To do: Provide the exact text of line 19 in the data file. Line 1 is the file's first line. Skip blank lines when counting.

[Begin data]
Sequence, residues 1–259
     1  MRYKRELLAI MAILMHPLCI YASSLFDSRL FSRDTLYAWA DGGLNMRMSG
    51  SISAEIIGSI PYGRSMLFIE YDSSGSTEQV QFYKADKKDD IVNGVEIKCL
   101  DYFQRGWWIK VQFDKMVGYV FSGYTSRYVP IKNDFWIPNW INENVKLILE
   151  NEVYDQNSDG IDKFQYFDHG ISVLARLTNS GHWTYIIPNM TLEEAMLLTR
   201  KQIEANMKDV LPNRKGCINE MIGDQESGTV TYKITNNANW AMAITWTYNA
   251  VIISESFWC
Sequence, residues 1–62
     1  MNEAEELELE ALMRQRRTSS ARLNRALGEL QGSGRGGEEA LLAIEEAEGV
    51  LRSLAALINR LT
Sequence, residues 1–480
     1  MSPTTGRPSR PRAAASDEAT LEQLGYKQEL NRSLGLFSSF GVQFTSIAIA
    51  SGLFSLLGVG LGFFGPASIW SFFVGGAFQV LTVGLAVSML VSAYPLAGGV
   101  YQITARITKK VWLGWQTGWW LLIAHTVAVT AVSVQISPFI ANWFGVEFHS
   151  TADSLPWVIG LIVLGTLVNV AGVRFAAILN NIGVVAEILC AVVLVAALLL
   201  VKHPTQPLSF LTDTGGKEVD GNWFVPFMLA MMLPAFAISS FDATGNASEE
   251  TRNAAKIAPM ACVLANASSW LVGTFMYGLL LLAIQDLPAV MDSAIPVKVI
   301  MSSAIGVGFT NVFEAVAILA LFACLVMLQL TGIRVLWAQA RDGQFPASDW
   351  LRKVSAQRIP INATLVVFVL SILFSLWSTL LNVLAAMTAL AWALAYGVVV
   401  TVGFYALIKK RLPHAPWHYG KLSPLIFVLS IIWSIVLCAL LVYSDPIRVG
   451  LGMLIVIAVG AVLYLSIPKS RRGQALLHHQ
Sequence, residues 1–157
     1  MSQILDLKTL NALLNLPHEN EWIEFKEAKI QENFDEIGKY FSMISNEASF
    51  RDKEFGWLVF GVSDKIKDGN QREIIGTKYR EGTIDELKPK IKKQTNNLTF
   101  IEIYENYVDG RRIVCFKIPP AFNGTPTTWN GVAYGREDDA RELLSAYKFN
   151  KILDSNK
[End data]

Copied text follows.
   351  LRKVSAQRIP INATLVVFVL SILFSLWSTL LNVLAAMTAL AWALAYGVVV